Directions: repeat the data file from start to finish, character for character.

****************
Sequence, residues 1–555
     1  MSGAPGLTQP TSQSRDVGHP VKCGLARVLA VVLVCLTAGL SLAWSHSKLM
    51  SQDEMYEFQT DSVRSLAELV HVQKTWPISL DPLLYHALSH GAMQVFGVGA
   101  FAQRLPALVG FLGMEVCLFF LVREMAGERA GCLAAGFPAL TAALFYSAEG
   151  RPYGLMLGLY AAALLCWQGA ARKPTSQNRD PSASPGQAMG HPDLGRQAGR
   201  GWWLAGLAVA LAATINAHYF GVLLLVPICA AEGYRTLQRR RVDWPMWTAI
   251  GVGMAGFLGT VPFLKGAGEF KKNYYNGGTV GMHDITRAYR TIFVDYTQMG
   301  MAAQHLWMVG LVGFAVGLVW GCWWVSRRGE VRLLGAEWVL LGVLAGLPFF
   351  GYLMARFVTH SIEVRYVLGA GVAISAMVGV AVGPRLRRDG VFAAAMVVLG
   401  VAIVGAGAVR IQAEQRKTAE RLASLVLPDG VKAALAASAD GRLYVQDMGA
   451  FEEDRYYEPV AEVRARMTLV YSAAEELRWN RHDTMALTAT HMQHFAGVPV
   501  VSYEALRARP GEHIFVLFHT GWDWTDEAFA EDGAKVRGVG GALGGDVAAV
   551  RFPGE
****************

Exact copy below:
Sequence, residues 1–555
     1  MSGAPGLTQP TSQSRDVGHP VKCGLARVLA VVLVCLTAGL SLAWSHSKLM
    51  SQDEMYEFQT DSVRSLAELV HVQKTWPISL DPLLYHALSH GAMQVFGVGA
   101  FAQRLPALVG FLGMEVCLFF LVREMAGERA GCLAAGFPAL TAALFYSAEG
   151  RPYGLMLGLY AAALLCWQGA ARKPTSQNRD PSASPGQAMG HPDLGRQAGR
   201  GWWLAGLAVA LAATINAHYF GVLLLVPICA AEGYRTLQRR RVDWPMWTAI
   251  GVGMAGFLGT VPFLKGAGEF KKNYYNGGTV GMHDITRAYR TIFVDYTQMG
   301  MAAQHLWMVG LVGFAVGLVW GCWWVSRRGE VRLLGAEWVL LGVLAGLPFF
   351  GYLMARFVTH SIEVRYVLGA GVAISAMVGV AVGPRLRRDG VFAAAMVVLG
   401  VAIVGAGAVR IQAEQRKTAE RLASLVLPDG VKAALAASAD GRLYVQDMGA
   451  FEEDRYYEPV AEVRARMTLV YSAAEELRWN RHDTMALTAT HMQHFAGVPV
   501  VSYEALRARP GEHIFVLFHT GWDWTDEAFA EDGAKVRGVG GALGGDVAAV
   551  RFPGE